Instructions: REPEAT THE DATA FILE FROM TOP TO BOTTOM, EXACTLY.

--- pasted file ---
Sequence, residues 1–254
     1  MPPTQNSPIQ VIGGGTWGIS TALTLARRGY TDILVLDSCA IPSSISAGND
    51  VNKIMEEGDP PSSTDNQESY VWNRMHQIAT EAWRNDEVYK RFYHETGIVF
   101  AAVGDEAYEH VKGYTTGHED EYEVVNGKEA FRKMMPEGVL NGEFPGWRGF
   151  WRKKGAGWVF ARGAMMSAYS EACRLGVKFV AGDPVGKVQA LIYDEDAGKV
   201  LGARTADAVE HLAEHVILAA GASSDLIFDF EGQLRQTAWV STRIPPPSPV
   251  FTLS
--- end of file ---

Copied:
Sequence, residues 1–254
     1  MPPTQNSPIQ VIGGGTWGIS TALTLARRGY TDILVLDSCA IPSSISAGND
    51  VNKIMEEGDP PSSTDNQESY VWNRMHQIAT EAWRNDEVYK RFYHETGIVF
   101  AAVGDEAYEH VKGYTTGHED EYEVVNGKEA FRKMMPEGVL NGEFPGWRGF
   151  WRKKGAGWVF ARGAMMSAYS EACRLGVKFV AGDPVGKVQA LIYDEDAGKV
   201  LGARTADAVE HLAEHVILAA GASSDLIFDF EGQLRQTAWV STRIPPPSPV
   251  FTLS